Nerve growth factor produced by activated human monocytes/macrophages is severely affected by ethanol.

Abstract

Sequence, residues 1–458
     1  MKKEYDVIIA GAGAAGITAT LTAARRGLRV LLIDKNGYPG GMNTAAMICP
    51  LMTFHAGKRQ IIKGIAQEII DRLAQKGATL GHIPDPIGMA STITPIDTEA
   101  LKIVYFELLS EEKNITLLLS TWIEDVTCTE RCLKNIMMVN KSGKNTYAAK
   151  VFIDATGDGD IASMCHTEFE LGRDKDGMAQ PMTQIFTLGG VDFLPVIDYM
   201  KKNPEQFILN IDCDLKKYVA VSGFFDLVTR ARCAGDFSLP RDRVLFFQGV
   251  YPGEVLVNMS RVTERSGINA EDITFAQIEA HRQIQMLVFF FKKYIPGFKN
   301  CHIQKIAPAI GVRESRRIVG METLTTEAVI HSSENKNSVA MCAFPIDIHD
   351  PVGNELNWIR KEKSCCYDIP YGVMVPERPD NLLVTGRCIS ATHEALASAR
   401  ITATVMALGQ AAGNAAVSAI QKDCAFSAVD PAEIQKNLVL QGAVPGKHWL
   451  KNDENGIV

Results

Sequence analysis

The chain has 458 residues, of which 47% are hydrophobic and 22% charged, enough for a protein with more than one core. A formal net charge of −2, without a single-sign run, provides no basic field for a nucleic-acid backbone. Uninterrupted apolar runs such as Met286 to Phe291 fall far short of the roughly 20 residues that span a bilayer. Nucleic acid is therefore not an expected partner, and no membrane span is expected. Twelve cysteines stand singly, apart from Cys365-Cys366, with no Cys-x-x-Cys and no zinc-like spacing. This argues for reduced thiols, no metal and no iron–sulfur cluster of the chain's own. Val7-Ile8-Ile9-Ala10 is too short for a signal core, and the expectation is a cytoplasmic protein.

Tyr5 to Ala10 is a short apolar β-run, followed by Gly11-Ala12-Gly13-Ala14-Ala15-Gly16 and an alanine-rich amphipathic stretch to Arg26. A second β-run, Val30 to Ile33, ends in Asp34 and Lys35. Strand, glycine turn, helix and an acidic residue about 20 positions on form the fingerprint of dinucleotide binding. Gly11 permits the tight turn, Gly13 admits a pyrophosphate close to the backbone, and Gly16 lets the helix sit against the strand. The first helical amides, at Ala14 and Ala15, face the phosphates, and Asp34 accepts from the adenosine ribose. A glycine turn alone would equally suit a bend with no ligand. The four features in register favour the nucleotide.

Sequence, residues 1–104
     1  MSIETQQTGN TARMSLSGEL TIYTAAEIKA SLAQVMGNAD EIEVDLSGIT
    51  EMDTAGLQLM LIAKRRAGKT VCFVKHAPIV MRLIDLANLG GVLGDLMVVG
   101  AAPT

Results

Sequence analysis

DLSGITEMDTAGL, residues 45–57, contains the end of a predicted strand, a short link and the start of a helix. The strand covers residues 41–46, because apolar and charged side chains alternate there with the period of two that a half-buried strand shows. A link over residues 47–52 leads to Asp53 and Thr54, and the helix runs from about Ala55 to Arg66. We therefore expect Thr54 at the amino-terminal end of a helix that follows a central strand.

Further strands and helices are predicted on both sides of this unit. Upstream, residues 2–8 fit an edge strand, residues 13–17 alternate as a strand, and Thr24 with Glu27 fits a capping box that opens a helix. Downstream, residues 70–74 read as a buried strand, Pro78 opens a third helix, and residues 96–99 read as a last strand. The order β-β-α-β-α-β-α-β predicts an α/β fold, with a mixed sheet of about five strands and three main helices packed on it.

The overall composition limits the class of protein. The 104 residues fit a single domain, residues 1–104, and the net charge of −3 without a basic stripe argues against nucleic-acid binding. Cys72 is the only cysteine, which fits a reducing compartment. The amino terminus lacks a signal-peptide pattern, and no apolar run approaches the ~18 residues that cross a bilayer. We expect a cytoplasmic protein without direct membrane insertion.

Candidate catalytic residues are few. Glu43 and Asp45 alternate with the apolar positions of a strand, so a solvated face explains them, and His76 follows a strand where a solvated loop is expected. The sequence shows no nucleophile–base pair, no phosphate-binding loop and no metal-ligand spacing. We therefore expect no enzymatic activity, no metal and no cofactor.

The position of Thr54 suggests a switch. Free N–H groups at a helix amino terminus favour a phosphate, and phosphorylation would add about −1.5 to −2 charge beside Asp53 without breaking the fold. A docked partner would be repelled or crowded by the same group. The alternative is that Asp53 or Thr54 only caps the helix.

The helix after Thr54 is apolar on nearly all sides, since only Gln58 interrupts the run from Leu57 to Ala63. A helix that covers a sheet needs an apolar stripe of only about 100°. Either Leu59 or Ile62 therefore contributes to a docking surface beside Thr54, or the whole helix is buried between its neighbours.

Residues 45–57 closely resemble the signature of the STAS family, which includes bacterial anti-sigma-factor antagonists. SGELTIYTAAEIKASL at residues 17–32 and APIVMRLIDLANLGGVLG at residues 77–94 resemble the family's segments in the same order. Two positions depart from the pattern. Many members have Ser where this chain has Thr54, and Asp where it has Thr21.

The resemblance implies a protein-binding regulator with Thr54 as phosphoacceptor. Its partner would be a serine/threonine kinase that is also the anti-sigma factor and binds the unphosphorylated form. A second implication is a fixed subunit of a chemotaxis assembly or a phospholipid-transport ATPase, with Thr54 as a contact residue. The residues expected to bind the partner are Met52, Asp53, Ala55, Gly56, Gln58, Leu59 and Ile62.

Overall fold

Ethanol intake impairs immune function and increases the incidence of infection in the host. Although the precise cellular target of this immunotoxic action is still unknown, findings of several studies have shown that ethanol acts on the immune response predominantly by interfering with the ability of blood monocyte-derived macrophages to produce cytokines and growth factors. Nerve growth factor (NGF) represents a key molecule in monocyte/macrophage-mediated responses. Thus, we tested the hypothesis that exposure to ethanol would affect NGF synthesis as well as expression of NGF receptor trkA in this cell population. Because NGF has been reported to affect the synthesis of proinflammatory cytokines, we also evaluated whether the production of tumor necrosis factor-alpha would be affected by ethanol-mediated changes in NGF synthesis. The study results demonstrated that the acute exposure of lipopolysaccharide-activated human monocyte/macrophage cultures to ethanol led to a sharp decrease in endogenous-produced NGF, which is associated with a reduced expression of high-affinity NGF receptor on cell membrane, and to a concomitant impairment of tumor necrosis factor-alpha production. Taken together, the current findings support the suggestion that a new mechanism exists by which ethanol can compromise the efficiency of the mononuclear phagocyte system in dealing with infection and host inflammatory response.

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